A large proportion of mothers stated having experienced a lack of money for rent or mortgage (12%), electricity or fuel to heat (14%), clothing or transportation (13%). Overall, about 10% of mothers had a score of 3 or more on the lack of money for basic needs variable indicating a serious lack of money (table 3).
As table 4 shows, 61.2% of children had had at least one acute health problem during the previous three months; 7.2% had had at least one asthma episode in the previous 12 months; 9.6% had a growth delay (under the 10th centile according to the Z scores on the CDC growth curve, 200039); 11.2% of the children presented two or more health problems during the preceding year, and 7.6% had been hospitalised at least one night in the year preceding the survey. The most frequent reason for hospitalisation was respiratory problems, which may include asthma.
All indicators of child health were significantly linked to having a score of 3 or more on the scale for lack of money for basic needs (table 4). Those children from families with a serious lack of money for basic needs were more likely to be identified by the mother as having suffered an acute health problem, an asthma episode, a growth delay, or a combination of two or more of these problems compared with those children from families with no lack of money for basic needs. In addition, toddlers living in families with financial difficulties had greater odds of reporting a hospital admission in the previous 12 months. No gradient was observed.
Table 5 presents multivariate models of the relation between score for lack of money for basic needs and child health problems at 29 months. The odds for acute health problems, asthma episodes, and the index of health problems decreased slightly after controlling for the presence of health problems at 17 months and mothers’ level of education, neonatal health problems, and child’s age and sex. As expected, children for whom a health problem had been reported at 17 months had a greater probability of having this same problem at 29 months. However, living in a family with lack of money for basic needs increased the likelihood of having a reported new incidence of acute health problems, a growth delay problem, or cumulating two or more of these problems and possibly asthma episodes. The odds of reporting hospitalisations between 17 and 29 months for those having a lack of money to cover basic needs remained higher even after controlling for all confounding variables in the model. Results of analyses concerning child health status without controlling for health status at 17 months are essentially the same as those above. Odds ratios for lack of money were, however, slightly higher.
No multiplicative or additive interactions between mother’s level of education and score for lack of money were observed for indicators of child health. Therefore, current data do not support the notion that lack of money for basic needs is more strongly associated with health effects among children of low educated women than among children of mothers with higher education. In other words, lack of money for basic needs is equally pervasive for all children regardless of mother’s level of education.
Lack of money for basic needs has a significant and unique impact on toddlers’ health above and beyond the influence of maternal education and of neonatal health problems. Even in industrialised countries with universal medical care coverage, children’s health can be negatively influenced by a lack of material resources.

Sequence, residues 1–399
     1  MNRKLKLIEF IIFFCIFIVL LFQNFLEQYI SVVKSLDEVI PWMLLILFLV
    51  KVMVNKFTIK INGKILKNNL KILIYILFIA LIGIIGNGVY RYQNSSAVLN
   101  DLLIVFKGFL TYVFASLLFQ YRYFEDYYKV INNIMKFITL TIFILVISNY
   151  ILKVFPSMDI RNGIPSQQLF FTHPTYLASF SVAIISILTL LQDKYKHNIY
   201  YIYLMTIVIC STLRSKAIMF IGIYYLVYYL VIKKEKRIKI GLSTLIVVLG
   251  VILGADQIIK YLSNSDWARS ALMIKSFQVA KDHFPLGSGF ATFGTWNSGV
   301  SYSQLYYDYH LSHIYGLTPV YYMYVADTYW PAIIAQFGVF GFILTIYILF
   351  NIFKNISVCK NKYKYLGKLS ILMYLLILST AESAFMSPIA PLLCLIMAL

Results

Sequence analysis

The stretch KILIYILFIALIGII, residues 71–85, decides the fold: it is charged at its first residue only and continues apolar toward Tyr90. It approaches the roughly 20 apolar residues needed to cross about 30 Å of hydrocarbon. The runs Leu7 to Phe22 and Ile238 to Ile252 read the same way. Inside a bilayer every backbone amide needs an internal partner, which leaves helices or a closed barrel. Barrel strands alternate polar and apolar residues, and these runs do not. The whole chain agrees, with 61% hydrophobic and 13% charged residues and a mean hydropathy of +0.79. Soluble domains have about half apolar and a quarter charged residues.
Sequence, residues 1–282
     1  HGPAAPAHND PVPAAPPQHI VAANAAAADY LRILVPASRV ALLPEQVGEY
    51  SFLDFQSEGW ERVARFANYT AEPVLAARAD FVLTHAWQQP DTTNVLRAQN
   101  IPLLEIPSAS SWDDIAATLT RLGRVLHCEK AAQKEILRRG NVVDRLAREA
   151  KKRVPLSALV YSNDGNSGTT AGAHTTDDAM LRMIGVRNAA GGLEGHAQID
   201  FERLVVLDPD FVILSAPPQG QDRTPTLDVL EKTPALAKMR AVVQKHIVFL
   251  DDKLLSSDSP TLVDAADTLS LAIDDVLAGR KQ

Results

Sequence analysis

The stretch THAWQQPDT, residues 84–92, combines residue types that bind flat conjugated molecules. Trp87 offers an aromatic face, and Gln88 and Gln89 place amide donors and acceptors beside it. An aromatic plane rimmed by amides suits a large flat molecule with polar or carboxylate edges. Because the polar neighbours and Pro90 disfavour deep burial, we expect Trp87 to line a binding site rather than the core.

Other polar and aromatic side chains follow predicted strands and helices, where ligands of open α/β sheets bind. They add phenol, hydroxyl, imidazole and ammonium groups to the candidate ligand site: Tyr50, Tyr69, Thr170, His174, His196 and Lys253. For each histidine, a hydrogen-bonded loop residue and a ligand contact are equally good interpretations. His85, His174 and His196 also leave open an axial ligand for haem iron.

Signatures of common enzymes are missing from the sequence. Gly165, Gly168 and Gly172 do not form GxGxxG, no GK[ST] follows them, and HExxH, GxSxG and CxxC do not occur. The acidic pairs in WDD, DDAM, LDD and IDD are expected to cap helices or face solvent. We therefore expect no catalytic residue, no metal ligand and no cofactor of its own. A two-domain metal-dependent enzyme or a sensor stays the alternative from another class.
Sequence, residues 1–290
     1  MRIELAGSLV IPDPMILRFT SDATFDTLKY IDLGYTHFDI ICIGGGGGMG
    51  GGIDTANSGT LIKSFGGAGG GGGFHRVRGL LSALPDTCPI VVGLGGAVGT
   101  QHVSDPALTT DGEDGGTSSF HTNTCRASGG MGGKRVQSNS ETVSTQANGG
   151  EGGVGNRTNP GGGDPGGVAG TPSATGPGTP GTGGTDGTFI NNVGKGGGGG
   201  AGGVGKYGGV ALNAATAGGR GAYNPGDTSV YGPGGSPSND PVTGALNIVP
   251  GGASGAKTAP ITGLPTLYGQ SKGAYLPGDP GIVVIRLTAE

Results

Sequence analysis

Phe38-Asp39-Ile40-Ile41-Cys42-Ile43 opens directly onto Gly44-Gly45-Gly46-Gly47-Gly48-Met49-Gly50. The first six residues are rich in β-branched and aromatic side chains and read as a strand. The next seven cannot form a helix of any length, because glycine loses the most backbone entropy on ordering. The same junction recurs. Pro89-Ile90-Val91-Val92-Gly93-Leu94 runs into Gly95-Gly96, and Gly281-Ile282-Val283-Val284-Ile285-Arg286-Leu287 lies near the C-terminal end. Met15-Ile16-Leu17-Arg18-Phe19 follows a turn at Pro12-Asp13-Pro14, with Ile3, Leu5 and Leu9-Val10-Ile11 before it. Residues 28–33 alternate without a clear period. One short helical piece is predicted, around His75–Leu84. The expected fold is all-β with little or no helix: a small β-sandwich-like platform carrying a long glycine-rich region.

Although many studies have shown a relation between low family socioeconomic status and children’s health, the role of different dimensions of low socioeconomic status, and in particular of financial difficulties in the family, has not been thoroughly investigated. This study examined the unique contribution of serious financial difficulties, as measured by a lack of money for basic needs, on the occurrence of health problems in a representative birth cohort of children from Quebec aged between 1.5 and 2.5 years. Results showed that a high score for lack of money for basic needs is linked to occurrence of health problems in toddlers. Children raised in a family with a serious lack of money for basic needs during the preceding year are more likely to present acute health problems, a growth delay, or to cumulate two or more health problems, and to have been hospitalised for the first time within the past few months as compared with children living in a family that does not experience a lack of money for basic needs. This is true regardless of mother’s level of education, age, marital status, immigration status, her health habits, and regardless of the child’s neonatal health conditions. There is no gradient of poor health with increasing score for lack of money for basic needs suggesting that the effect is not attributable to occasionally having economic problems but rather to long term financial difficulties.
These results show that financial difficulties during early childhood have negative effects on the health of children and lead to the occurrence of new health problems in young children between the ages of 1.5 and 2.5 years. In a longitudinal analysis of the same cohort of children, longstanding poverty since birth had a negative impact on these health indicators including a first asthma episode between 17 and 29 months while current poverty had no effect.41 Cross sectional analyses may thus underestimate the real influence of poverty on children’s health.